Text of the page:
A heliocentric orbit is an orbit circulating the barycenter of the solar system. This center of mass is usually very near the sun’s surface or within it. Such an orbit is under the centric classifications of gravitationally curved trajectories. In the solar system, all the planets, comets, and asteroids follow a heliocentric orbit, meaning they move around the sun. However, the moons of planets within the solar system do not follow heliocentric orbits because they orbit their planets. The helio-prefix comes from a Greek word meaning “sun” and also from a personification of the sun found in Greek mythology, called Helios. Over the course of history, some countries have placed artificial objects in heliocentric orbits in space.
The heliocentric system is a model that shows the Earth and other planets revolving around the sun. Aristarchus of Samos proposed this notion around the 3rd century BCE but received less attention since there were no explanations on why the position of the stars did not change although the Earth moved around the sun. In the 16th century, Nicolaus Copernicus presented a geometric mathematical model showing the heliocentric system, a move that led to the Copernican Revolution. Copernicus’s publication began the re-establishment of the heliocentric system. Galileo Galilei supported the model with observations from a telescope. Other astronomers including William Herschel and Friedrich Bessel made observations that the sun was not at the center of the universe, but close to the Solar System’s barycenter.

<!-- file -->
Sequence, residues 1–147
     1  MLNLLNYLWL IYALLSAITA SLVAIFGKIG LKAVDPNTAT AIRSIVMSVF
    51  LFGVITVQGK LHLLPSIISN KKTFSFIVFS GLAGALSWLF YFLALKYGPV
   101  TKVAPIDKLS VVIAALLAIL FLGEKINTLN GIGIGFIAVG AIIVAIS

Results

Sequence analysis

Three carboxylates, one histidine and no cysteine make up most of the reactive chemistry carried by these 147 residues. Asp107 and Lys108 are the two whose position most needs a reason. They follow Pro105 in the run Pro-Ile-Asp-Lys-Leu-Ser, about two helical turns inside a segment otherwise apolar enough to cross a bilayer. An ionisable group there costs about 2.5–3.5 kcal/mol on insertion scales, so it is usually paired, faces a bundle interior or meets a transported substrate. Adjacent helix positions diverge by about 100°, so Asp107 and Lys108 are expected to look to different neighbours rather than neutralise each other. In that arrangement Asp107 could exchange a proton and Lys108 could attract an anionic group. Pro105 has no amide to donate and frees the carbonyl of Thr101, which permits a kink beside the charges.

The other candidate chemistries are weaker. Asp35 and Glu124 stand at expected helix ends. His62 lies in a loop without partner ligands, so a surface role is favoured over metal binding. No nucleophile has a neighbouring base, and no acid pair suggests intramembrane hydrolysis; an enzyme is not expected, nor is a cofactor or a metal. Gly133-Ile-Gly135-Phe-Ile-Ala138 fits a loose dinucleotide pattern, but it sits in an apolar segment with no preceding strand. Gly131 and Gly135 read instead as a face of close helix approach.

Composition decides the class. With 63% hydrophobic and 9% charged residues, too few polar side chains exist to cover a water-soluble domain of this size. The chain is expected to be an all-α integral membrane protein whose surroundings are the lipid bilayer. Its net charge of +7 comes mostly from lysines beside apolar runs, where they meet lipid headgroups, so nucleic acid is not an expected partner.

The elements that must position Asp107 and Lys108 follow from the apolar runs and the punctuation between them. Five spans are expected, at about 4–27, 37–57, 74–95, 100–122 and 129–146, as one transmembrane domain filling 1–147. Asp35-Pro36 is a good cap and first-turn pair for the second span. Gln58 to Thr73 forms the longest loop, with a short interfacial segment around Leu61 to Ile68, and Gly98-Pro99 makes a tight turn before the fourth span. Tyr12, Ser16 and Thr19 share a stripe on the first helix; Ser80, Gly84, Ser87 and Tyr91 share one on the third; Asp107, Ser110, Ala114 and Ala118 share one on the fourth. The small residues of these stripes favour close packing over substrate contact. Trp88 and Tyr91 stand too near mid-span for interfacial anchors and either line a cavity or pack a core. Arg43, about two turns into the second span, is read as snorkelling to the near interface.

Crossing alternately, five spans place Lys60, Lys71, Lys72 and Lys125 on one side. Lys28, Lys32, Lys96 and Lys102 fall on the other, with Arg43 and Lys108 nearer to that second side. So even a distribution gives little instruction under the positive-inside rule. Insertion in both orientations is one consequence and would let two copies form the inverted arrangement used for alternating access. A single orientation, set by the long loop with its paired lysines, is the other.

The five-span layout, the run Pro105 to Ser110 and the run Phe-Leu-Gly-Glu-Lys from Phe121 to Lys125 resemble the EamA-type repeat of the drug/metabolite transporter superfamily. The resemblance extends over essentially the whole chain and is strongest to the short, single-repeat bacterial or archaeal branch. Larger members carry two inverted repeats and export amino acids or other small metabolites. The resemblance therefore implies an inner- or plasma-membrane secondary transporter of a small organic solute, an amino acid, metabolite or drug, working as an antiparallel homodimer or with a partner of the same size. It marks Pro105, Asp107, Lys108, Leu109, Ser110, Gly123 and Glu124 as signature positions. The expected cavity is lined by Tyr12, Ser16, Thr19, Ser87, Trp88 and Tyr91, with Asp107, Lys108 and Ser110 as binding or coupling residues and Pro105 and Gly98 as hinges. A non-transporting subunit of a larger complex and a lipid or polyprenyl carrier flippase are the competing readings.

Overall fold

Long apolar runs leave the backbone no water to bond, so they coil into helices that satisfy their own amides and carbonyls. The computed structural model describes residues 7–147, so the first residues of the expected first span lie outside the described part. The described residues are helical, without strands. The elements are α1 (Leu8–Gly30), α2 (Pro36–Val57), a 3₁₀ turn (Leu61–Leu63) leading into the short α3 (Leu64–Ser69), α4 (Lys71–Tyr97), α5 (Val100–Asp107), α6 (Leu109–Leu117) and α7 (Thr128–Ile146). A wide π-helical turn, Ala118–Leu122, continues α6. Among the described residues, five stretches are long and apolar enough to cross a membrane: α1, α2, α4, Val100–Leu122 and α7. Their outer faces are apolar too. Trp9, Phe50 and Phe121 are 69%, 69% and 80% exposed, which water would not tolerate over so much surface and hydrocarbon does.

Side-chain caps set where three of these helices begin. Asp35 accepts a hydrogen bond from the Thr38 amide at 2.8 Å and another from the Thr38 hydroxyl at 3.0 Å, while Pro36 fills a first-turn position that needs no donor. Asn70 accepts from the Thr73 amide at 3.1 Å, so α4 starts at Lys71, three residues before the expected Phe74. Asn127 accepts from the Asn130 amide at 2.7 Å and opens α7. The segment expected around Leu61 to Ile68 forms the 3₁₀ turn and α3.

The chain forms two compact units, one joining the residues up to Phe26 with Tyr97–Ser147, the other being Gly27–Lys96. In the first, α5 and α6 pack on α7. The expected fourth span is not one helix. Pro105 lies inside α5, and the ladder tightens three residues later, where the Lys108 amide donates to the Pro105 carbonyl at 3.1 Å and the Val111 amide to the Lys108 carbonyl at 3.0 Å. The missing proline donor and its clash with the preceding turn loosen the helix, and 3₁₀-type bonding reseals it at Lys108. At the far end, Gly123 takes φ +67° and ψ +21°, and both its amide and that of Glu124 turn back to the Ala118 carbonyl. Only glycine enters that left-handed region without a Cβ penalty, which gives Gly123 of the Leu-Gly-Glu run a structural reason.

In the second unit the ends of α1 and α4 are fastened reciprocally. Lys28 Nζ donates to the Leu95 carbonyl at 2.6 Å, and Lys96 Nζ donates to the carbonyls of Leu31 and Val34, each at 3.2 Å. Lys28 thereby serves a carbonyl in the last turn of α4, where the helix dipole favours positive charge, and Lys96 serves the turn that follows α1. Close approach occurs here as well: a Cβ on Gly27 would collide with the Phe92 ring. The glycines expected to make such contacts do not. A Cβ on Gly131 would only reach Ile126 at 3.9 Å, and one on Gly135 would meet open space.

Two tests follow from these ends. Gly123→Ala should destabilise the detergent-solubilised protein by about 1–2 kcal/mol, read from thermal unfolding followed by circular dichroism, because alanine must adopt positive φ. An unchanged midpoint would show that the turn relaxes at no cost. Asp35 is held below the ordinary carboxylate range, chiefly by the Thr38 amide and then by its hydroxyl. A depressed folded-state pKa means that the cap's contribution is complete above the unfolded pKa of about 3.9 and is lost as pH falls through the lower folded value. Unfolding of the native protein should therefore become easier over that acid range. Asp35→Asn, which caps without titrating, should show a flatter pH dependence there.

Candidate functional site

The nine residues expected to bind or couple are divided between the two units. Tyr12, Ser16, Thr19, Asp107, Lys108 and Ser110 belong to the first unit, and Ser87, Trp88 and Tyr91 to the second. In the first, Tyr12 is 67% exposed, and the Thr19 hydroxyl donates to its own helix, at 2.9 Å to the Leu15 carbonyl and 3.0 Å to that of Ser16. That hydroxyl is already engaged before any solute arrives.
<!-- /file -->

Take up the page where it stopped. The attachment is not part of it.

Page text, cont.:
Orbits under centric classifications include heliocentric, galactocentric, lunar, and geocentric orbits. Galactocentric orbit is one that revolves around the center of a galaxy, such as the sun in the Milky Way. Geocentric orbit is a revolution around the earth that the moon and artificial satellites follow. The moons and artificial satellites of the planet Mars follow the areocentric orbit, while objects revolving around the Earth’s moon follow the lunar orbit. Other orbits under this classification are the jovicentric, aphrodiocentric, and kronocentric, which are orbits around the planets Jupiter, Venus, and Saturn respectively.
Artificial Objects in Heliocentric Orbit
Some first world countries have satellites in heliocentric orbits for various purposes such as exploration of the moon, sun, and other planets. These countries are the United States, the Russian Federation, Japan, and China. The European Space Agency, which includes 22 nations, also has objects in heliocentric orbit. Some of the spacecrafts that the United States have placed in space include Pioneer 4 on a lunar mission in 1959 and Mariner 2 in 1962 to Venus. Most of the space missions sent by the Russian Federation failed due to loss of communication en route. Some of these missions include Venera 1 intended for Venus in 1961 and Mars 1 planned for Mars in 1962.
Heliocentric and Geocentric Orbits
When the heliocentric system failed to get more support, the geocentric system proposed by Claudius Ptolemy of Alexandria in the 2nd century CE dominated. The geocentric system suggested that the sun and other planets revolved around the Earth. The method assumed that the Earth was at the center of the universe. This theory commanded the scientific world for about 1,400 years until its disapproval by Nicolaus Copernicus’s publication of the De Revolutionibus Orbium Coelestium Libri VI in 1543.